He believes the widespread use of run—and its intricate web of meanings—is also a reflection of our times. “It is a feature of our more sort of energetic and frantic times that set and put seem, in a peculiar way, sort of rather stodgy, rather conservative,” Gilliver told NPR in an interview.

So the next time you tell your boss you "want to run an idea" by them, know that you’re unconsciously expressing your enthusiasm—as well as all the other subtleties wrapped up in run that previous words like set failed to capture.

[h/t The New York Times]

11 Little-Known Words for Specific Family Members

iStock.com/kali9
iStock.com/kali9

The words we use for family members in English are specific about some things, and vague about others. Our vocabulary marks a distinction between our mother and her sisters (some languages use one word for mother and maternal aunts), but doesn't say whether siblings are older or younger (some languages have different words for brother and sister depending on their age relative to you). We lack words that pick out particular family members (we have cousin, but what about child-of-my-father's-brother?) as well as certain general terms (we have siblings for brothers-and-sisters, but what about nieces-and-nephews?)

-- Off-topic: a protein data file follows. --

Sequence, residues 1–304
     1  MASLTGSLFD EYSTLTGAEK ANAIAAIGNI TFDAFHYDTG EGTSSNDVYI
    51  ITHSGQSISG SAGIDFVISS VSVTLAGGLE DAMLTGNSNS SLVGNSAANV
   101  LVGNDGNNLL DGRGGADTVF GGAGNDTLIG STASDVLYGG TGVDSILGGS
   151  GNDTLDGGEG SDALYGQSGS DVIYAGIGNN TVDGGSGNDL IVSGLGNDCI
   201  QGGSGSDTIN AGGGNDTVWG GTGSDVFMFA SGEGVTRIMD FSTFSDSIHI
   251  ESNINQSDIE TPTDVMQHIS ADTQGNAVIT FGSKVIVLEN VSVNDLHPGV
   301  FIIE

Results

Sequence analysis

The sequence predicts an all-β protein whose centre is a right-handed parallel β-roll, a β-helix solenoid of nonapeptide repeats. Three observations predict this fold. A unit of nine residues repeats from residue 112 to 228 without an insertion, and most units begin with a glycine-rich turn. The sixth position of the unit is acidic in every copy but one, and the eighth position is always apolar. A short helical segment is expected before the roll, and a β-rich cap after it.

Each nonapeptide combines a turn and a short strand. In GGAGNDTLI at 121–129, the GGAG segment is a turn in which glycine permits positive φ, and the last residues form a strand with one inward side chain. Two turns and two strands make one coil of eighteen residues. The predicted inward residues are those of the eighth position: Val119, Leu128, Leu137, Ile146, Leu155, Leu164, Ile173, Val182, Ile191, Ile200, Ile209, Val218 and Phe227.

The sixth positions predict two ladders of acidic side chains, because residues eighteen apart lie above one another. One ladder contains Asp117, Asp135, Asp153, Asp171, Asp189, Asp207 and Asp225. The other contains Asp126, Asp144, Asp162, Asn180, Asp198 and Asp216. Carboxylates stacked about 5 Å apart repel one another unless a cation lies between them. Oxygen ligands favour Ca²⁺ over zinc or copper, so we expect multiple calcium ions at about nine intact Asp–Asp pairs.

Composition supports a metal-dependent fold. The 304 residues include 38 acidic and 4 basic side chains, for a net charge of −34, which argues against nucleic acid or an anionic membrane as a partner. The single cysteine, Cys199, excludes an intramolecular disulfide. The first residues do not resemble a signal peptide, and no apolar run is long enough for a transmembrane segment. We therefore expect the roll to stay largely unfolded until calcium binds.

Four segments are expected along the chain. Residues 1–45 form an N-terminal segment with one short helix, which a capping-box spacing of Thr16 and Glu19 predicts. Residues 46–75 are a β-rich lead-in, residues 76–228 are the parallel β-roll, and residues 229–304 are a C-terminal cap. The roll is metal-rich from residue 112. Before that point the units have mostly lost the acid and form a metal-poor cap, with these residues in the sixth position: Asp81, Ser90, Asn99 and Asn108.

If you look hard enough, you can find some words to help fill in the gaps. Here are 11 unusual English kinship words for family members.

1. Patruel